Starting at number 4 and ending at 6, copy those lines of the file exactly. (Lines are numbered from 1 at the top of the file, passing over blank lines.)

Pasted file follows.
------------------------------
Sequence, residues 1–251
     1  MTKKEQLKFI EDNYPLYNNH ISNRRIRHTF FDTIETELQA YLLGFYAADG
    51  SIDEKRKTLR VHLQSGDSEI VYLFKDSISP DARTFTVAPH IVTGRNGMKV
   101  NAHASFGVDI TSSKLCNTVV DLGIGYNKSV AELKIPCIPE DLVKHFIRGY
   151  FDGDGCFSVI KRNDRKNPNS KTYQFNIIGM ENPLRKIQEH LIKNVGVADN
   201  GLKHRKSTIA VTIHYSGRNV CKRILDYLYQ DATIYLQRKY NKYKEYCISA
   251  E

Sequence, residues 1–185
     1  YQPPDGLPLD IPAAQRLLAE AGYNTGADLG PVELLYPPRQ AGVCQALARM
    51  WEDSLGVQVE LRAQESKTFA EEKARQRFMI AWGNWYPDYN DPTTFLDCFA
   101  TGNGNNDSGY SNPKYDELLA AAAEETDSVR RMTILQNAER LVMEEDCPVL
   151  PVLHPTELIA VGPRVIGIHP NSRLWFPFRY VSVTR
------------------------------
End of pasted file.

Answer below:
   101  NAHASFGVDI TSSKLCNTVV DLGIGYNKSV AELKIPCIPE DLVKHFIRGY
   151  FDGDGCFSVI KRNDRKNPNS KTYQFNIIGM ENPLRKIQEH LIKNVGVADN
   201  GLKHRKSTIA VTIHYSGRNV CKRILDYLYQ DATIYLQRKY NKYKEYCISA